UPS – TNT Express vs. FedEx –TNT Express; A case study into the role of the European Commission and involved organizations during the UPS – TNT Express deal and the FedEx – TNT Express deal
Four years ago, world its largest package delivery organization UPS tried to acquire its believed competitor TNT Express. After long and heavy negotiations, UPS withdrew its offer because the European Commission did not approve the intended deal. While UPS was still awaiting its appeal against the decision of the European Commission, FedEx and TNT Express were combining their forces in the meanwhile. This case study is aimed at comparing the obstruction of the UPS – TNT Express deal with the approval of the FedEx – TNT Express deal by the European Commission, and to find strategies used by the involved organizations to influence the potential outcome of these decisions. Unlimited possibilities to merge and acquire would probably lead to a weakened competition. A regulative institution is necessary in the nonmarket environment to constrain and regularize behavior. Hence, national and international competition authorities are trying to maintain fair and effective competition by enforcing competition policies. To maintain fair and effective competition in the European Union, the European Commission needs to constantly monitor the internal market and should have the possibility to intervene when necessary. Part of most national and international competition policies is the obliged pre-notification of intended mergers and acquisitions. The European Commission uses six main steps in their analysis to reach a decision: (1) Defining the relevant markets; (2) Determining a possible dominant position on the market; (3) Identifying possible effects; (4) Checking for preservation of effective competition; (5) Checking for a failing firm defense; and (6) Judging if efficiencies will be created. During the entire merger control procedure, organizations are trying to influence the (decision by the) European Commission, by means of corporate political activities. These strategies will be primarily used to provide (countering) information or to withhold certain information. Remedies will be offered as well by organizations as attempt to eliminate the doubts as to the compatibility of the deal with the internal market. During the procedure, organizations can choose to use certain strategies that focus on compliance or can choose more recalcitrant strategies to rub the European Commission up the wrong way.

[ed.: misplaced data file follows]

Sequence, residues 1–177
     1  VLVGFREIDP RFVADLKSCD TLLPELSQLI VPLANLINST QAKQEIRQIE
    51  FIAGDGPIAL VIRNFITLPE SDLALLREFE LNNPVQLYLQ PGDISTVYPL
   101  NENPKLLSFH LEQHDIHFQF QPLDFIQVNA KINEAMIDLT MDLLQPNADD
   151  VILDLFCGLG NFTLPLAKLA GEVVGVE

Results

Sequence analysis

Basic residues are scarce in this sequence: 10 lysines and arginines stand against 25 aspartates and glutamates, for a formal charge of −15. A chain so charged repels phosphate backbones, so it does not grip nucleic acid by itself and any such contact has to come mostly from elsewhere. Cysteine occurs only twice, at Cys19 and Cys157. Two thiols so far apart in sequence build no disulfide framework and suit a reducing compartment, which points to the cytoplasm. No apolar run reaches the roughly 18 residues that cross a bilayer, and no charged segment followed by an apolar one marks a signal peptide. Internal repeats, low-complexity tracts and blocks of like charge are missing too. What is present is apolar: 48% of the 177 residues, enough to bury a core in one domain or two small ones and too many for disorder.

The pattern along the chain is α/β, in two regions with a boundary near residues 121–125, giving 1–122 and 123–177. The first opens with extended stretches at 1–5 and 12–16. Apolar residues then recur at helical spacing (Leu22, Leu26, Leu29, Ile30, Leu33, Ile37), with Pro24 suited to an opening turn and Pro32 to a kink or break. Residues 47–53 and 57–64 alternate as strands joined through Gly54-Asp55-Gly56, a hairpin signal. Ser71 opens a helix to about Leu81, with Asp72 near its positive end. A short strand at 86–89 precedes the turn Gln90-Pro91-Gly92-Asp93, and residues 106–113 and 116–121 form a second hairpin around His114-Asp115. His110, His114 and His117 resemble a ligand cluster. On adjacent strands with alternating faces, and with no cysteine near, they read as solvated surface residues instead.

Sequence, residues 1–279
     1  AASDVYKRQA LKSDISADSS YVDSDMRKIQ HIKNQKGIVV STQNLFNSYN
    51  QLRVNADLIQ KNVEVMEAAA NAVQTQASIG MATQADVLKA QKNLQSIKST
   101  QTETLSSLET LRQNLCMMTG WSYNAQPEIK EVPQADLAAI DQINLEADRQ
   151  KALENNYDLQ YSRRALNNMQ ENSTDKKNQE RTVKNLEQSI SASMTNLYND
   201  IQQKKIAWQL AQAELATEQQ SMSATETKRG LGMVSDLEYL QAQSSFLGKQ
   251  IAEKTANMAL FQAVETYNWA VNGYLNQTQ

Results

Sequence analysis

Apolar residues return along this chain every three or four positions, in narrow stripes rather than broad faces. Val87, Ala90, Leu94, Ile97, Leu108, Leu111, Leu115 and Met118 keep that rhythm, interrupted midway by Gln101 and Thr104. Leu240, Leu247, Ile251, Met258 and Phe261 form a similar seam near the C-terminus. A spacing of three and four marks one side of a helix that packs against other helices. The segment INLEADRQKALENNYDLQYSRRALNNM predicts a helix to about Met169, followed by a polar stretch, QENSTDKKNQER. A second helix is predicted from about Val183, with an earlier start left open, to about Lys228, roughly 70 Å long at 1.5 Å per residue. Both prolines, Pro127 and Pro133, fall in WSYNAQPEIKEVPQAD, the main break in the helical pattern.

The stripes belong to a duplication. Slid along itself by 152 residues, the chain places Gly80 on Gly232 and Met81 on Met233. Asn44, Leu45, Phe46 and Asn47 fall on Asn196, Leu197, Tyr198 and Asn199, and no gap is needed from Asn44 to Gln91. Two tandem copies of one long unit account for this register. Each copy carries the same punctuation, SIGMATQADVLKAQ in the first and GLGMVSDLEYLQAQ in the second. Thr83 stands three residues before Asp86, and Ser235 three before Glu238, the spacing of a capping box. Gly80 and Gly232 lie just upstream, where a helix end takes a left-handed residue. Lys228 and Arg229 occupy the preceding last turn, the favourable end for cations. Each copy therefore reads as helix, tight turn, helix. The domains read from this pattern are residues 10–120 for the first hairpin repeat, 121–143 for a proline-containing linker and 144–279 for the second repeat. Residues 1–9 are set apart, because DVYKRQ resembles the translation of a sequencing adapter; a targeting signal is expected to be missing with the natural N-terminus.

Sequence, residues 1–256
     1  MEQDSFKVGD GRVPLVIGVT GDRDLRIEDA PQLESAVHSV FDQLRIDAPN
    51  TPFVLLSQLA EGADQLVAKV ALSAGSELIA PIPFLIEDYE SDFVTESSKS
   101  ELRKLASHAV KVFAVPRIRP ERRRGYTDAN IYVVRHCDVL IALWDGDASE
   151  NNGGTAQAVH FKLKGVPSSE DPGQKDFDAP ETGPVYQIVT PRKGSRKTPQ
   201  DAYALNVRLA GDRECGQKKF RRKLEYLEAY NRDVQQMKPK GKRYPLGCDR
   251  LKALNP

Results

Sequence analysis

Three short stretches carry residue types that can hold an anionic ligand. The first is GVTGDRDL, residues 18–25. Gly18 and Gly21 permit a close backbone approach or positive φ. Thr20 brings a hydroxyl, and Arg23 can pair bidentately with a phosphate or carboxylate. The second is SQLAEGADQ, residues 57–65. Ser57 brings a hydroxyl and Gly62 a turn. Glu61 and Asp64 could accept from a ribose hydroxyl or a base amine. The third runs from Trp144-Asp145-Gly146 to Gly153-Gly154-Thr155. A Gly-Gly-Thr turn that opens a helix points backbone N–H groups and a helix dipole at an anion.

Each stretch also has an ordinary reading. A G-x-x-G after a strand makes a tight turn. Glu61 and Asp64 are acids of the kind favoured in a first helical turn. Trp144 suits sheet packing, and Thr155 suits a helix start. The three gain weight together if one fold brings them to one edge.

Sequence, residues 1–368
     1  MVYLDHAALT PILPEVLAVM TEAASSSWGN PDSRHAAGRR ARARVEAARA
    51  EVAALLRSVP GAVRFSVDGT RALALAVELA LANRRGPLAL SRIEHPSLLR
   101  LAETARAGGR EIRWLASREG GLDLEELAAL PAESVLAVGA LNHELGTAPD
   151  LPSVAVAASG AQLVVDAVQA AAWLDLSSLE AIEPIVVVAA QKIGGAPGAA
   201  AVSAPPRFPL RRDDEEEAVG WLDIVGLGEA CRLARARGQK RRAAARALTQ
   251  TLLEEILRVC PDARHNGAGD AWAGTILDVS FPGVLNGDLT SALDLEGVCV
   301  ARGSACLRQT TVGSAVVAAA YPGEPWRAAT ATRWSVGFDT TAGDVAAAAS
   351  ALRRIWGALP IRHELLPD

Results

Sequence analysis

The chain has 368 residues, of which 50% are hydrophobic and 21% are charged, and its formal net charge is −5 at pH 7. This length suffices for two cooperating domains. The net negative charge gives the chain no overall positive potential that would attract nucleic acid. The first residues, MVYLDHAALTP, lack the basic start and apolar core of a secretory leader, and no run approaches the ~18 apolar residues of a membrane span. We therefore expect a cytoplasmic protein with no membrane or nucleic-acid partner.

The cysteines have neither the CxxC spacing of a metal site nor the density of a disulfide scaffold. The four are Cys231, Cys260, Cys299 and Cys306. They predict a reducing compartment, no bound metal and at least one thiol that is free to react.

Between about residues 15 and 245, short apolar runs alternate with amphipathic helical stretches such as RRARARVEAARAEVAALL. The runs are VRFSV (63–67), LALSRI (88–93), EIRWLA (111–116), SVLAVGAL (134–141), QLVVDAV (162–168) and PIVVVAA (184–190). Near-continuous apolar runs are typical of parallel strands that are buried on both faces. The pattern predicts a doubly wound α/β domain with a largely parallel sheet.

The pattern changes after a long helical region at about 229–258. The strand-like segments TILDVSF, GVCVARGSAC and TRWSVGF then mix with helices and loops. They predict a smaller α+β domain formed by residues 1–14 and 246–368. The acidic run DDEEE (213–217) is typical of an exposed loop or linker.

Faculteit der Managementwetenschappen